Amy Claire Fontana was a dear friend and one of the most loving people I have had the honor of knowing. She had the heart of a giver and spent much of her life finding ways to help others. Her quick smile, contagious laugh, and generous spirit made Amy unforgettable to any who were lucky enough to meet her.

Amy grew up in West Monroe, Louisiana, where she was a top student and athlete. After high school, she received a degree in speech and communicative disorders from ULM, and her Master's Degree in Social Work, graduating at the top of her class from LSU.


After receiving her Master's Degree, Amy worked as a forensic social worker on capital murder cases. She would fearlessly go alone, sometimes into the worst neighborhoods, to gain a better understanding of life events that helped create the person these defendants had become. Her findings would help facilitate a life sentence rather than the death penalty for the accused. In doing so, she began to see a bigger picture of the person they could be and often would continue to communicate with them once imprisoned, sharing her faith and her belief in redemption.


This job led her to volunteer for Amnesty International, where she began to share her experiences and worked diligently to abolish the death penalty. She had several articles published on this topic and often talked about one of her proudest moments, meeting Sister Helen Prejean.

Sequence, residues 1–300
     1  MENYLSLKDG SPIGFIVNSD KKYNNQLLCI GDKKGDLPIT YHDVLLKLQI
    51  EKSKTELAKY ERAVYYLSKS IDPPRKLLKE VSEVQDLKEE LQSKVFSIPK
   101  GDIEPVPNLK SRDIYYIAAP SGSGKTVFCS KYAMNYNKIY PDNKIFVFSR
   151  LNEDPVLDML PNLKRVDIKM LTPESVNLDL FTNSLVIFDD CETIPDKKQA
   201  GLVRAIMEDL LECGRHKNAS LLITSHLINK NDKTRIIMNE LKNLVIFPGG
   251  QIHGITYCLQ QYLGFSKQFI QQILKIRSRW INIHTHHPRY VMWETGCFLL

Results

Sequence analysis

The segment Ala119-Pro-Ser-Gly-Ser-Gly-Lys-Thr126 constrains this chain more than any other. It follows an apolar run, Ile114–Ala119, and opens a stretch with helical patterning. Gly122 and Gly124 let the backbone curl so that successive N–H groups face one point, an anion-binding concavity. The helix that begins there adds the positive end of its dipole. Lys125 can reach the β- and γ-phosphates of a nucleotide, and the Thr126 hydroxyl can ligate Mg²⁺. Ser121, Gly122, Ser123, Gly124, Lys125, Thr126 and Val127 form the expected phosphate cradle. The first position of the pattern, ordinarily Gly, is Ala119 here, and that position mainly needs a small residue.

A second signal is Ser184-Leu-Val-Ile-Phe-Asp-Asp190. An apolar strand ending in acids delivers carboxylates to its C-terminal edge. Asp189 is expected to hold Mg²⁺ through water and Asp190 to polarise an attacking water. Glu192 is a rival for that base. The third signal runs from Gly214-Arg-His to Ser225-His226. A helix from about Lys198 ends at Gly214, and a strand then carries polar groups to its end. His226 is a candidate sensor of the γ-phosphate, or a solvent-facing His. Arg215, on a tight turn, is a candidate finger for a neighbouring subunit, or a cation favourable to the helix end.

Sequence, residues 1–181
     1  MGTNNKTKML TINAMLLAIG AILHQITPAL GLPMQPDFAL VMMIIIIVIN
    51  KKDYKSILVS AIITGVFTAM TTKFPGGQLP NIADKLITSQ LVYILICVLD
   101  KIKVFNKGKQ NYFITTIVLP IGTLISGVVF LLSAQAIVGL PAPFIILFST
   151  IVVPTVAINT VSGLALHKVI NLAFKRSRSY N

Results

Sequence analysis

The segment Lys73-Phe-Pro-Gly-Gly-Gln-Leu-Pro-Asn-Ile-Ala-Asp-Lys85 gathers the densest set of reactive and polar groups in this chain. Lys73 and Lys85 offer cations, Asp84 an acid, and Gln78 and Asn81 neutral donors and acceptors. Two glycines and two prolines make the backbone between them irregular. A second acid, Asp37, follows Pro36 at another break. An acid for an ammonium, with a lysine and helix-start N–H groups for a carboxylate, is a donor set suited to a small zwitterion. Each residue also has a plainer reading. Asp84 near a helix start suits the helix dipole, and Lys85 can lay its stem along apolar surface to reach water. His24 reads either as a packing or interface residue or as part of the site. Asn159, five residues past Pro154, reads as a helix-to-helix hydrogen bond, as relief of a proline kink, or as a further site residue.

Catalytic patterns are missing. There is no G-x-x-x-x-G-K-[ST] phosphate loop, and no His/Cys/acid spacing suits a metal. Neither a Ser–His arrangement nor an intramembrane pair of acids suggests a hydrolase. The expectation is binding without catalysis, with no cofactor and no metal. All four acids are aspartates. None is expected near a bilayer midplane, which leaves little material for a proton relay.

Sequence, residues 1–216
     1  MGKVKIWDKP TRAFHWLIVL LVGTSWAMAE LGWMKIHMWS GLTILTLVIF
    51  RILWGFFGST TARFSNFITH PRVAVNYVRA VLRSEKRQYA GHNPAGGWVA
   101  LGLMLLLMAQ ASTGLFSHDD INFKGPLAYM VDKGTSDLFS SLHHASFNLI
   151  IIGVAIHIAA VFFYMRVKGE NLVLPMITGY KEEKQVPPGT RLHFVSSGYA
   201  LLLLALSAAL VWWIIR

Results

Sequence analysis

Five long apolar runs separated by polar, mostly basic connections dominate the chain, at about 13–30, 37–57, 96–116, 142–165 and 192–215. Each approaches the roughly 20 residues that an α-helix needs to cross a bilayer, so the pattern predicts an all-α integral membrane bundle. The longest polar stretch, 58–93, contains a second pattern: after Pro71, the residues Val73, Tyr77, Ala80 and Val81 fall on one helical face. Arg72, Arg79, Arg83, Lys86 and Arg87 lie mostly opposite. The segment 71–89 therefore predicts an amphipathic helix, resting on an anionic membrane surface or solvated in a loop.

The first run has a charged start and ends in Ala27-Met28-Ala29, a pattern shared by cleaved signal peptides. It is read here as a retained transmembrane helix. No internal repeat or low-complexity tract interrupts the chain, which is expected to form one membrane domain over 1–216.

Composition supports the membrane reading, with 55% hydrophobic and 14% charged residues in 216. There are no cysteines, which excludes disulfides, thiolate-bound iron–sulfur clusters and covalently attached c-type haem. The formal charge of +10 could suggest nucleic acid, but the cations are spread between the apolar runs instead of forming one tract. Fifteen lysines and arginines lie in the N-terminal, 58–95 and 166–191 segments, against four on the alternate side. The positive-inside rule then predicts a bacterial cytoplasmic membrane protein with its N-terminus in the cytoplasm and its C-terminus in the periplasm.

After a move due to declining health, Amy continued to work in her field of social work, helping those with addictions, depression, and other mental health issues.


I met Amy while in treatment for my eating disorder in 2002. Amy was also in therapy while pursuing her Master's Degree at LSU, and we became fast friends. Amy had been a healthy, happy, athletic young woman in her undergraduate years. The stress of a dysfunctional relationship and subsequent expectations to maintain a particular image, both socially and physically, had left her trying to cope with stress, anxiety, and depression through eating disorder behaviors.


While in treatment, we both became healthier, working hard toward recovery. Sadly, despite doing well behaviorally, Amy grew physically weaker. Her compulsive exercise, food restriction, and abuse of diet products had caused irreversible damage to her heart and body in the few short years she had been ill.


Countless doctors searched for the cause of her continued physical decline, but few could agree on why her body would not recover. Autoimmune issues, muscle weakness, and unexplained organ failure became her norm until she was no longer able to work. With the loss of her job came the loss of medical insurance and the loss of access to the level of medical care she required.


Amy passed away alone at her home on February 14, 2012, at the age of 37, leaving behind the love of her life, her son. In our last conversation, just a week before her death, Amy was still talking about the day she could return to doing the work she loved, helping others.


Those that loved Amy understand the gift the world lost with her passing. The many lives that could have been touched by her love of helping others see their worth.  I know if she were still with us, she would be educating others on the danger of eating disorders and the amount of physical damage they can produce in a short period. I could think of no better way to honor Amy's memory than to help others in her name.